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Searching for Black Confederates: The Civil War’s Most Persistent Myth

“Levin’s study is the first of its kind to blueprint and then debunk the mythology of enslaved African Americans who allegedly served voluntarily in behalf of the Confederacy.”–Journal of Southern History

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13 comments… add one
  • Cash Jan 26, 2010 @ 3:28

    For those calling the 1st LA Native Guards a confederate unit, they were a unit of Louisiana militia. They were never accepted into confederate service.

  • Corey Meyer Jan 26, 2010 @ 2:32

    I am very curious about the Still Standing video trailer on the site. It claims Jackson was a southern gentleman and a champion of enslaved people. Does his role as Confederate general contradict his being a champion of enslaved people for exactly the same reason you stated you do not celebrate Lee or Jackson on Lee-Jackson day?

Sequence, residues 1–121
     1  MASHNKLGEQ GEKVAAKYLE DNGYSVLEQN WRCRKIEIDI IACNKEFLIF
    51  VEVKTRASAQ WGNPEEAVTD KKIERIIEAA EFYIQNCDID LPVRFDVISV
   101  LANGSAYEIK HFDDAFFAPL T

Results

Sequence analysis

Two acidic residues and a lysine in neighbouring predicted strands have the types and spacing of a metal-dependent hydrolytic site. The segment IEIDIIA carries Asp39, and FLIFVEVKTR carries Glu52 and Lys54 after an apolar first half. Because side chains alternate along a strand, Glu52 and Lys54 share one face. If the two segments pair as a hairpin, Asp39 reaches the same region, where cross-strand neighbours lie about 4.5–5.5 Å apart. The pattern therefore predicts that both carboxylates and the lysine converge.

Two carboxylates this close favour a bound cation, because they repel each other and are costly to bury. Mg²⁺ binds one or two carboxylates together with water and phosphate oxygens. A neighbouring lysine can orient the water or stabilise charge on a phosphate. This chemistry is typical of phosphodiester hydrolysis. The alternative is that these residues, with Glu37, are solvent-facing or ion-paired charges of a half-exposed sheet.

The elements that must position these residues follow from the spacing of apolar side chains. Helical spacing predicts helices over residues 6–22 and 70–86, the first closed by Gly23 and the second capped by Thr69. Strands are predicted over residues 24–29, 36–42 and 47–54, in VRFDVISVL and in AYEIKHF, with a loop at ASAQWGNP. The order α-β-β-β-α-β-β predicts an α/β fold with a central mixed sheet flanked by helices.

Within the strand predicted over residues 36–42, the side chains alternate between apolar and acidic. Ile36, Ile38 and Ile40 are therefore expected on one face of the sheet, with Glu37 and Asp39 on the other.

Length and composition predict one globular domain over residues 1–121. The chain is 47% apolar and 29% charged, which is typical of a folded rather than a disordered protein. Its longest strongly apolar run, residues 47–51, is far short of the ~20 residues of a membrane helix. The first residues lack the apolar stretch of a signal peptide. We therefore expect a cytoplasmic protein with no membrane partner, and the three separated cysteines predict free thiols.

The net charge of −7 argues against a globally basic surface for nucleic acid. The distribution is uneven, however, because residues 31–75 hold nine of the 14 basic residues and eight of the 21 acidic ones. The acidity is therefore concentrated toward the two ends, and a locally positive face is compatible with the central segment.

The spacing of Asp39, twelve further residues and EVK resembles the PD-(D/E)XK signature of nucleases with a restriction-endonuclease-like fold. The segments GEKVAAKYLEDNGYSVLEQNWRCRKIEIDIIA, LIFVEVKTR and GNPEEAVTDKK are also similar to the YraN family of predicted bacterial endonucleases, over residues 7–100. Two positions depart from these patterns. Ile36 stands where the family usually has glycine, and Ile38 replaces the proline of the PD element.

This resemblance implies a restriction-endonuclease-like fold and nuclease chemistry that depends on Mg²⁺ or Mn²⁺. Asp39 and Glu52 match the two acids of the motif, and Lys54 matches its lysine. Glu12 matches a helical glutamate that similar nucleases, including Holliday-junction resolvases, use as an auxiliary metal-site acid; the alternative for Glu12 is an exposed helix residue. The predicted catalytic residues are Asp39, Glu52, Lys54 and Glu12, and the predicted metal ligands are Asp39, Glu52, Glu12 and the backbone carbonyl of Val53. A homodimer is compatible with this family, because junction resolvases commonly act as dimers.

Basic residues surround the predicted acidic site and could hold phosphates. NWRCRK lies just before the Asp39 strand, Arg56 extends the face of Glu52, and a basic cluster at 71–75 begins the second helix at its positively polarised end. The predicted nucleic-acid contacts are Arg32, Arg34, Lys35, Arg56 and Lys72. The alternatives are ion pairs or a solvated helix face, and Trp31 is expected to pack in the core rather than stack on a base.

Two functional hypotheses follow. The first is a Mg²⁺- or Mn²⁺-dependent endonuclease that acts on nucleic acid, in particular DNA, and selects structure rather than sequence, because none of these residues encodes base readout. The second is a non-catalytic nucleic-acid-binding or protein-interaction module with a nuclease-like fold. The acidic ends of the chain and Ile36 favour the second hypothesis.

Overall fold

• msimons Jan 25, 2010 @ 21:22

    Paul Greenberg greatest OP piece that he wrote way back in 1993. Still a great read and so True.

  • msimons Jan 25, 2010 @ 21:08

    Come on Kevin
    from the link you provided.
    “The Louisiana Native Guard began as a Confederate regiment of free black men,”

    • EarthTone Jan 30, 2010 @ 17:23

      The story of the LA Native Guards has become very confused on the web, not the least because of a fake photo of the Guards that is widely circulated on the Internet. I can talk in very brief detail about the 1st Louisiana Native Guards, which are the subject of the fake picture which Kevin cites at… :

      • Creole (free mixed-race) African Americans were in fact members of the Louisiana state militia at the start of the war.

      • According to James Hollandsworth in his book on the Native Guards, “The Confederate authorities never intended to use black troops for any mission of real importance. If the Native Guards were good for anything, it was for public display; free blacks fighting for Southern rights made good copy for the newspapers.”